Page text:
Super Smasher: Particle Colliders May Get Smaller & More Powerful

plasma accelerator at slac
Scientists at the SLAC NAtional Accelerator Laboratory demonstrated a method of accelerating particles that may fuel the development of tiny but powerful atom smashers in the future. The plasma accelerator (shown here) generates electric fields that can transfer energy from one group of electrons to another, boosting the second bunch of electrons to ultrahigh collision energies. (Image credit: SLAC National Accelerator Laboratory)

Move over Large Hadron Collider. A new atom smasher could one day slam particles into each other at even more mind-bogglingly high-energy levels than the massive underground ring near Geneva, Switzerland.

The new system, called a Wakefield accelerator, could allow scientists to make tiny but powerful particle colliders that could fit on any university campus. That, in turn, could make it feasible to look for as-yet-unknown subatomic particles lurking in the universe.

The new accelerator was described today (Nov. 5) in the journal Nature.

Particle colliders

The premise behind all particle colliders is deceptively simple: Take a bunch of subatomic particles such as protons or electrons, make them crash into one another at incredibly high speeds, and then look at the wreckage to see what comes out, said study co-author Mark Hogan, a physicist at the Stanford Linear Accelerator, or SLAC National Accelerator Laboratory in Menlo Park, California. [Images: Inside the World's Top Physics Labs]

But accelerating protons or electrons to near the speed of light is no simple feat. Because the particles are so tiny, the beams of particles need to be incredibly focused to ensure enough collisions to detect fleeting, ultrarare particles.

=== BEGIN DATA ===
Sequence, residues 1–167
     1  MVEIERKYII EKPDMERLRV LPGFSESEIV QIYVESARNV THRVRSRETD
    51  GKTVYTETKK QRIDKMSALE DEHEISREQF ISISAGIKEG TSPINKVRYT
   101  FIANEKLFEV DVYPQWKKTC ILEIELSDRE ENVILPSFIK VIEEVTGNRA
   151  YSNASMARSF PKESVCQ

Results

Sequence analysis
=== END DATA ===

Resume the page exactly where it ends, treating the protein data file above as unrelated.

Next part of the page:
Very strong electric fields must nudge the particles to higher and higher speeds. The particle beams also need either the very long runway of a linear accelerator to gather speed, or they must bend around a circular track repeatedly, which can cause particles to spray off from the electron or proton beams, reducing the beam's tight focus.

To find the most elusive particles, such as the Higgs boson particle detected in 2012 at the Large Hadron Collider (LHC), colliders have gotten bigger and have gobbled up more power. This drive for ever-bigger colliders led to the construction of the LHC, a massive machine on the border between Switzerland and France where protons whiz around a 17-mile (27 kilometers) underground loop before crashing in collisions that generate 8 teraelectron volts (TeV) of energy. The LHC is currently shut down for an upgrade and is scheduled to reopen next year with the ability to generate collisions with about twice the energy as before the upgrade. [Beyond Higgs: 5 Elusive Particles That May Lurk in the Universe]

But with existing technology, particle colliders can't get more powerful indefinitely.

"We've reached a limit on what we can realistically afford to build in terms of size and cost," Hogan told Live Science.

Colliders can now use as much energy as municipal power stations, Hogan said. For instance, the European Organization for Nuclear Research (CERN), which runs the LHC, uses enough power to run about 300,000 homes.

Plasma accelerator